I notice that in a lot of these internecine Catholic blogosphere debates, one of the things that come up is that the two sides tend to “argue over each other” in the sense that one or both sides *think* the other side is saying something they aren’t. Usually, one side is talking about an absolute principle, and the other side is talking about “judging”.

So, for example, the (for lack of a better word) “pro-Lila Rose” side said things like:
“How dare you judge Lila Rose? You’d have to be a moral idiot to think what she’s doing is wrong!”
Now, for the most part, while there were some condemning Live Action absolutely in that discussion, most people on the (for lack of a better word) anti-Lila Rose camp were just saying, “Hey! I admire her courage, her commitment to the pro-life cause, her love for God and the good work she’s accomplished. I’m sure her good intentions subjectively give her a great credit in God’s eyes, but we should note that what she’s doing technically violates the teachings of the Catechism, and it raises a moral question that’s never really been discussed. Is overcover work ever morally permissible?”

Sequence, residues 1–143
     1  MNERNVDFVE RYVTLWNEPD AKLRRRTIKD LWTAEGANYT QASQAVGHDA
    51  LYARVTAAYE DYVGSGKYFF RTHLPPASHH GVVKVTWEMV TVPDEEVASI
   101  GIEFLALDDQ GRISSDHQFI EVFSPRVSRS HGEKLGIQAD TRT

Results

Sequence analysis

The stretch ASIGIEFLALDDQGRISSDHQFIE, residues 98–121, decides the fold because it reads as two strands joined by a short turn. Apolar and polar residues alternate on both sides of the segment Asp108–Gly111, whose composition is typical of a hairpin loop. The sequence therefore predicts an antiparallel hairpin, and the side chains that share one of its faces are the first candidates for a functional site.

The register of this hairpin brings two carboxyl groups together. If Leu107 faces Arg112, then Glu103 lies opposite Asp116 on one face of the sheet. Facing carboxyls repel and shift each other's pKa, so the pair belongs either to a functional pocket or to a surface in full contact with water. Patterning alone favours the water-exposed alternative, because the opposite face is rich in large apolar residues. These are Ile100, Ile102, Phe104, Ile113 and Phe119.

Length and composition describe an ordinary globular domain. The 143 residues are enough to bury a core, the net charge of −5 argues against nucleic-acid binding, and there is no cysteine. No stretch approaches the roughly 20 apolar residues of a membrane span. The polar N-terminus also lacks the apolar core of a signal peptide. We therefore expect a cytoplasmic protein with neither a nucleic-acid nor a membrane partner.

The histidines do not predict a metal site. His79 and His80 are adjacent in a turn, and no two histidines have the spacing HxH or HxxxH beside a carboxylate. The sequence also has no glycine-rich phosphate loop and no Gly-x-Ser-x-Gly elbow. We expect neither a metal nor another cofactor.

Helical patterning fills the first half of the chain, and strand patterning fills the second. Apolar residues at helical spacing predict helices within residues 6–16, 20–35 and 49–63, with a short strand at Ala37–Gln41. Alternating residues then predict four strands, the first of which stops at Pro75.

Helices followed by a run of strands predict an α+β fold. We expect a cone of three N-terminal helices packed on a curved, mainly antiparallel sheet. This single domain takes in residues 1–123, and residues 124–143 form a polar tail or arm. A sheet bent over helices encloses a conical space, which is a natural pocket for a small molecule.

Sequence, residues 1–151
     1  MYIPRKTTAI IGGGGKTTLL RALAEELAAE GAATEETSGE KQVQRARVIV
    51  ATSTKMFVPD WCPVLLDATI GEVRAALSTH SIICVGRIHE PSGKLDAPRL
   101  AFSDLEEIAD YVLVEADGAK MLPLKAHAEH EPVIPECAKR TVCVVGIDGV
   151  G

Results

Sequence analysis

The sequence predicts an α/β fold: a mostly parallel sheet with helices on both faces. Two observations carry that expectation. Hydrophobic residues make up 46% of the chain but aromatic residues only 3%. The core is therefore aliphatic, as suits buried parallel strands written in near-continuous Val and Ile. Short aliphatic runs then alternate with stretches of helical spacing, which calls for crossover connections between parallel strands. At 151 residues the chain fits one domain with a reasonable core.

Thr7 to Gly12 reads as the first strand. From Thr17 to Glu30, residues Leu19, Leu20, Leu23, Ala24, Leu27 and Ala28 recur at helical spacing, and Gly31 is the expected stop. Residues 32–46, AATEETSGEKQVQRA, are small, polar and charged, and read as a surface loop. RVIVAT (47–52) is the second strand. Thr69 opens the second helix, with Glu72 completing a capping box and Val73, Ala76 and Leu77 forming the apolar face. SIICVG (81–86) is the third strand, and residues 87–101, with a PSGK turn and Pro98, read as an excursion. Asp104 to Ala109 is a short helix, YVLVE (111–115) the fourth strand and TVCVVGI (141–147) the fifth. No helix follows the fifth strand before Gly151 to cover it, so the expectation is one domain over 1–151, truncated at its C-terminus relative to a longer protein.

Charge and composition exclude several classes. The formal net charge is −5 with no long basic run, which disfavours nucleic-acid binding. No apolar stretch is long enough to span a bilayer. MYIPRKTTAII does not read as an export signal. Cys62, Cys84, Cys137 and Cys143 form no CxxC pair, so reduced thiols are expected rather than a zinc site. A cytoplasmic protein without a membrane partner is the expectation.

On the other side, a lot of people said, “I am inclined to think that what Lila Rose is doing is good, but I agree that it’s hard to justify from existing Catholic teaching. Maybe some Biblical examples and incidents in the lives of the saints provide parallels. . . . .”

I’ve heard there were a lot of fanatical voices “condemning” Lila Rose absolutely, but I never saw any in all the reading I did of those debates. I *did* see a lot of fanatics on her side condemning Make Shea, Chris Tollefson, Dawn Eden, etc., of being “not really pro-life,” etc.